Astonishing to think, really, that it was only 100 years ago, to the day, that the first human beings reached the South Pole. Man - in the shape of the Wright brothers - had already left the confines of our planet eight years earlier (albeit on first engine-propelled flights of a few seconds), but the sheer hostility of the Antarctican environment meant it remained unconquered until 14th December 1911.

A few weeks too late

We all know the story of Amundsen's victorious arrival, and what must have been the gut-wrenching discovery of a fluttering Norwegian flag a few short weeks later by the doomed Scott expedition - but despite vast technological innovations the conditions are still so harsh in winter that there is no permanent habitation at the South Pole.

Tick the ultimate travel box...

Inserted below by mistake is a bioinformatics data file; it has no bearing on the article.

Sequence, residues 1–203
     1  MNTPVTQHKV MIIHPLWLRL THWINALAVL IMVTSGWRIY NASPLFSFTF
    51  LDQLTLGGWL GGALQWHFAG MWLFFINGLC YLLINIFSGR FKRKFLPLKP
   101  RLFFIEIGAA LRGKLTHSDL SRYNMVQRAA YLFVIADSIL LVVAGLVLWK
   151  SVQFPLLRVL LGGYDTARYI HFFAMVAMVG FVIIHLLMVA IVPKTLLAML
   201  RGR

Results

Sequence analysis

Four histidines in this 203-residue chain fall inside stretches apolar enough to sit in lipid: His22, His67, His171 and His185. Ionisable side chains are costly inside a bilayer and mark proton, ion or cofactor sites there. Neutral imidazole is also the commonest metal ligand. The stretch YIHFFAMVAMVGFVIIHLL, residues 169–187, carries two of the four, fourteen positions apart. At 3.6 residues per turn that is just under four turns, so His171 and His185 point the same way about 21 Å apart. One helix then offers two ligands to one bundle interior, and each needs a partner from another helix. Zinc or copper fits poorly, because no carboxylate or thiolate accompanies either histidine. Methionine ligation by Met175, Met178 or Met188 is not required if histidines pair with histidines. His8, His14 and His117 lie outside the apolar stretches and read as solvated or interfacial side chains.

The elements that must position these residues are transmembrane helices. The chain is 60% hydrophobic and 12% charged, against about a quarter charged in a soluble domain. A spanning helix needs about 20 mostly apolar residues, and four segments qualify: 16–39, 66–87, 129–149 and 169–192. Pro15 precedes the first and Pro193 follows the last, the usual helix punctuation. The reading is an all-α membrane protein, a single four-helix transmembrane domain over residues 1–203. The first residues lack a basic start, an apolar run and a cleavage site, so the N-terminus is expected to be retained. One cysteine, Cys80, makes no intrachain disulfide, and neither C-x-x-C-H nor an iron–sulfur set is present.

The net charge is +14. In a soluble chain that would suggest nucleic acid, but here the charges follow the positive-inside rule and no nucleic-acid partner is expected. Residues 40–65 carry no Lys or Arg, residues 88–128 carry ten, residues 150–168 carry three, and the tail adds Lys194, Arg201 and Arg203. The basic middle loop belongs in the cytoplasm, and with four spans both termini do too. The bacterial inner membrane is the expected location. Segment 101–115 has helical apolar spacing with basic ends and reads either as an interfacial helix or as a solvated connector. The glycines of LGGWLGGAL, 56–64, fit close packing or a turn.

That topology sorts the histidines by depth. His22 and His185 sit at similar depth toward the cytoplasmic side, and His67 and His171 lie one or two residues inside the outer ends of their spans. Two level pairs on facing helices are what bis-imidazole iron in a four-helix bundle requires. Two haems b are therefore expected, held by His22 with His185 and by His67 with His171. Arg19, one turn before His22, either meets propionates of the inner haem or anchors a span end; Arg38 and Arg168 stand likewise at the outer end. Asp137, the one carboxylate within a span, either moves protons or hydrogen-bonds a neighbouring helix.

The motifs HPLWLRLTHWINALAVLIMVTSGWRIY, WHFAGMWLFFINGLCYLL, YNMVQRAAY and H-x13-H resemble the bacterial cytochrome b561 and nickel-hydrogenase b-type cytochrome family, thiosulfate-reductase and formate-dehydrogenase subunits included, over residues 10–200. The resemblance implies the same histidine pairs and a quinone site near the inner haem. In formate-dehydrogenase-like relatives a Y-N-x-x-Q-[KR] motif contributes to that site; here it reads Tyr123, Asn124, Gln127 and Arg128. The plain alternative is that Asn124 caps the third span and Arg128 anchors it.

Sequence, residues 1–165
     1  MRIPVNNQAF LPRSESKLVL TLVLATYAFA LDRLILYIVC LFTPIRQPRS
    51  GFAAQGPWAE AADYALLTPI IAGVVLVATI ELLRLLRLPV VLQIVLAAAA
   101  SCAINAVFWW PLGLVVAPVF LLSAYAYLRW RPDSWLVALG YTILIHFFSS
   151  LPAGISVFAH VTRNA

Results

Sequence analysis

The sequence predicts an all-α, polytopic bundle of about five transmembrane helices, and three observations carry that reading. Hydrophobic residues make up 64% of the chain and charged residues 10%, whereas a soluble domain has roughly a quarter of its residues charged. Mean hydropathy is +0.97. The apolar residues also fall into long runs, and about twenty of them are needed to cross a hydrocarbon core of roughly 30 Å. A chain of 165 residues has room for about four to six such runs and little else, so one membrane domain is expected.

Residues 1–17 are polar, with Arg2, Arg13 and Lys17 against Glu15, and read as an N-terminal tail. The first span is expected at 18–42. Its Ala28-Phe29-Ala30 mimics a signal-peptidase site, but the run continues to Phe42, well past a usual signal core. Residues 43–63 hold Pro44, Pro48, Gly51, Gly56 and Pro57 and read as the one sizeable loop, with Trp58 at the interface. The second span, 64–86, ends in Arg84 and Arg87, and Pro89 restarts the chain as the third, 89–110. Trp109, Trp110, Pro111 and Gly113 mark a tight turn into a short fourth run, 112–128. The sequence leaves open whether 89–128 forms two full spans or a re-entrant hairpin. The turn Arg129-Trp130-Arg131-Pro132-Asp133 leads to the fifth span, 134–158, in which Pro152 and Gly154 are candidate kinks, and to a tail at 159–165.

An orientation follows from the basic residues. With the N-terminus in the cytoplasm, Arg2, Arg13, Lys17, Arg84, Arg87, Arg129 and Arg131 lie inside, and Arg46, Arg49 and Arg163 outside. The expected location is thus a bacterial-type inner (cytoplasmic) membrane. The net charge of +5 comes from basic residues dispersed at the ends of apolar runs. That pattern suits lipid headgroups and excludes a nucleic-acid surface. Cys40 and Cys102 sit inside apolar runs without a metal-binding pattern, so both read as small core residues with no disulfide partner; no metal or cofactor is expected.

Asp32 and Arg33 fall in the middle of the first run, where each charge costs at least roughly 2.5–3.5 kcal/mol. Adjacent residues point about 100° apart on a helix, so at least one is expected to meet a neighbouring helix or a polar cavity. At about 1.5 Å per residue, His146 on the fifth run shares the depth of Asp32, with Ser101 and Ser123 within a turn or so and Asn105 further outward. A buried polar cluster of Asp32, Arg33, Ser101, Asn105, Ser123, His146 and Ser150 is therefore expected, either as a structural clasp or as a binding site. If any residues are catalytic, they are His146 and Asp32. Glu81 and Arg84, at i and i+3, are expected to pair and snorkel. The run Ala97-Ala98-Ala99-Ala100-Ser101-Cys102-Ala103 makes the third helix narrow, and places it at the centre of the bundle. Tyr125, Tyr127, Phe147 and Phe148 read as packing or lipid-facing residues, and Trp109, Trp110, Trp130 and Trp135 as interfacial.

That doesn't mean, however, that the Pole remains completely off limits, and companies are coming up with ever more adventurous ways to explore the entire of Antarctica. It was once a case of taking a long (and frankly not that interesting boat ride from Ushuaia in Argentina, and then only exploring the fringes of the continent, but increasing numbers of people are now getting to see the dramatic nature of the interior, thanks to flights into permanent camps. Even the Pole itself is accessible - although normally on a day-trip basis as part of a fixed departure group. Quite a tick in the Where I've Been box, though…